Fresh, raw Hams on the Pit Barrel Cooker Question

Discussion in 'Curing' started by raven44, Sep 16, 2016.

  1. raven44

    raven44 Newbie

    Hy Smokers,

    I want to smoke a fresh ham (He was slaughtered 2 days go) uncured, on my PBS. Who has done this? I don't want "BBQ", but smoked ham. All tips, tricks and lessons learned appreciated!
  2. forluvofsmoke

    forluvofsmoke Smoking Guru OTBS Member

    Standard smoke chamber temp of 225* will suffice, and cook to an internal temp of 145* minimum. 145* being the low may want to go closer to 155-160*, depending on your preferences. Without curing you won't get a cured ham taste or texture, but you should not cold smoke...that's not safe. For a non-Bbq flavor, do not use dry rub...toss it in most just rub with salt. Also, be sure the surface is nice and dry before hitting the smoke (if untreated), but if rubbed with salt it will be moist due to the salt drawing moisture from the meat. You may wish to roll with the KISS method for best presentation (no salt). If skin-on you will get less smoke flavor to the meat under the skin, and less formation of bark on the surface...personal preference as to what you want more. If you want to glaze it, try straight maple syrup or honey...start glazing when I/T is about 30-40* below your desired finished temp, or start the glaze early, but remember that every time you open the cooker you lose heat and add cooking time. The earlier you start glazing the more the glaze will caramelize, and it could scorch the sugars in your glaze, especially if you experience high temp spikes regularly. I tend to stay away from sugars on long smokes to avoid scorching, and if I use them at all I don't apply until late in the smoke/cooking.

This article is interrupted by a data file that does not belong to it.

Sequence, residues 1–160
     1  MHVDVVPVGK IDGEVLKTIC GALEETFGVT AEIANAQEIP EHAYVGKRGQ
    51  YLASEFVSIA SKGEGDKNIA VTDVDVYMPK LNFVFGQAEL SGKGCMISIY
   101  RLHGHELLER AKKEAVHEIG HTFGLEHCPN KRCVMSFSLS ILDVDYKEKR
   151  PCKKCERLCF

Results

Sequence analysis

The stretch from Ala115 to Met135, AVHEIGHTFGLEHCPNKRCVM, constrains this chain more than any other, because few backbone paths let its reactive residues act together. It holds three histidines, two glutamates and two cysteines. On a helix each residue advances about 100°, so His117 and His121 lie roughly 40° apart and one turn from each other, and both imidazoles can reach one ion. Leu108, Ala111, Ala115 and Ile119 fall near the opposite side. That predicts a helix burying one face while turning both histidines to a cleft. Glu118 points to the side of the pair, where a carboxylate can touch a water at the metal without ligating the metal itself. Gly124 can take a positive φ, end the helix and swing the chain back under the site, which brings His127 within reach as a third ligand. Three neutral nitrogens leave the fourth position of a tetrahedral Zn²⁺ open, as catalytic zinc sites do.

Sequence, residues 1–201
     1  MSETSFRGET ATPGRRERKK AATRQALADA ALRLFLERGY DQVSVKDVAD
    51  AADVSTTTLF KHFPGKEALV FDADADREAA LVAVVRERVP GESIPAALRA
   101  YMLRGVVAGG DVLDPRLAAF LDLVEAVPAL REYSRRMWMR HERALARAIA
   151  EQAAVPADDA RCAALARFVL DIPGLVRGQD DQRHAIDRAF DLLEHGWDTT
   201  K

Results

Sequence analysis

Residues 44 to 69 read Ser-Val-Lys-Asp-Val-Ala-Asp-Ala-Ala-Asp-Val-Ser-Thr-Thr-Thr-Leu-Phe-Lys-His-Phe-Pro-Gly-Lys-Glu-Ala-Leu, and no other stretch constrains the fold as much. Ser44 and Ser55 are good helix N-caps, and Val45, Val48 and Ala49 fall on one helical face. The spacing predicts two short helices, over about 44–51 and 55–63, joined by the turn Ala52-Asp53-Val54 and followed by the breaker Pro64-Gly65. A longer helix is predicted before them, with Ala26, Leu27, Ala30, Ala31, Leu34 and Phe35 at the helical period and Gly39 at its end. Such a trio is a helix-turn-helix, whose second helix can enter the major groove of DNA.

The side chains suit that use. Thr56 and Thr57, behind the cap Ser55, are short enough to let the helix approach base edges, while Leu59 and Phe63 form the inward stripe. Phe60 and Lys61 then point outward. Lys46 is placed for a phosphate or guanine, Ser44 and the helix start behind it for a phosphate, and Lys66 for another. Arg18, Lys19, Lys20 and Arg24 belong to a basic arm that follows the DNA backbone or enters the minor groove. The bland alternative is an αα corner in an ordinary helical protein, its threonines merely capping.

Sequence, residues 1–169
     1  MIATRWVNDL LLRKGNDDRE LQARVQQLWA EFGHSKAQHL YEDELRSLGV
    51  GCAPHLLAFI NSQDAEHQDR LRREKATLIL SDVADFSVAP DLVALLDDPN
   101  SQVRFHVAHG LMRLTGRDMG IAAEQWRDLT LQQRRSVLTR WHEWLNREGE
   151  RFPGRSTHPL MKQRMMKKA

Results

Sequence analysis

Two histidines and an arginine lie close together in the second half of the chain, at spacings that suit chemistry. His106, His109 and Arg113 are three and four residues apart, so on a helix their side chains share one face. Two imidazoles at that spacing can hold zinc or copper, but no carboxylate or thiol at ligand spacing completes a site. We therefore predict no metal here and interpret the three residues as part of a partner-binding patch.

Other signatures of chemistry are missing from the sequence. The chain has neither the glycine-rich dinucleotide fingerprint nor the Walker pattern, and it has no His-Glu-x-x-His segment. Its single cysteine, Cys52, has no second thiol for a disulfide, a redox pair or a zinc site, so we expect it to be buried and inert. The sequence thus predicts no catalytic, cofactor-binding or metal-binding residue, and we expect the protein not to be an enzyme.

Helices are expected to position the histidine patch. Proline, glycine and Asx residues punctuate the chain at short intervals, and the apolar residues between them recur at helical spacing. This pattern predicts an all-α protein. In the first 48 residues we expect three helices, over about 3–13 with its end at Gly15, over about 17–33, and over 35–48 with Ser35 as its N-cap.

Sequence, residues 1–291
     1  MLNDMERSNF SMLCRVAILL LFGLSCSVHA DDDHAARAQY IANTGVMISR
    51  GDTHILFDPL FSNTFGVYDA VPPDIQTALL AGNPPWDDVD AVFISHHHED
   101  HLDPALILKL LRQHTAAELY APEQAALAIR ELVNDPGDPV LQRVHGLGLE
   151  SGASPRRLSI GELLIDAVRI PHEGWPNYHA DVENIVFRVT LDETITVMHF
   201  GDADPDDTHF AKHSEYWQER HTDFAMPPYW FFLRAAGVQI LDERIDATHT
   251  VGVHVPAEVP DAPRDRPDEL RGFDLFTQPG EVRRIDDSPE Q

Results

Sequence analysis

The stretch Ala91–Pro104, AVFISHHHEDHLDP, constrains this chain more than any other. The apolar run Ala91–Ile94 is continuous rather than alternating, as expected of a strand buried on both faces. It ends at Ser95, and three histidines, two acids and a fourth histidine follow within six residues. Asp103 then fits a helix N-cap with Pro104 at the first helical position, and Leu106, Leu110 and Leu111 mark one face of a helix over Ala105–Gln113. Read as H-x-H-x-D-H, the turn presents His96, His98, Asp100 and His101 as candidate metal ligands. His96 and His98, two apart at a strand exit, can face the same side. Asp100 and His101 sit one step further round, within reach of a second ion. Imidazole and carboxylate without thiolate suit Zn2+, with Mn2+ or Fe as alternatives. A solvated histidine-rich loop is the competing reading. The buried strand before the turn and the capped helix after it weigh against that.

Baseline time is around 1hr/lb to reach med-rare (150*) @ 225* smoke chamber temp...your time will likely vary...depends on cooker and a slew of other variables. Probe for temp after 6-8 hours if you like...don't probe too early, as you want the surface meat to become pasteurized before sticking anything in hour is sufficient.

    Fresh hams can be a great center piece for a meal. Season to taste when serving. Don't forget to rest the ham before slicing (minimum 5min/lb...a bit longer for higher internal finished temps)...your meat will thank you for it.

    BTW, if you can catch the drippings while smoking for making a pork gravy...OH, BABY!!!

    Last edited: Sep 18, 2016

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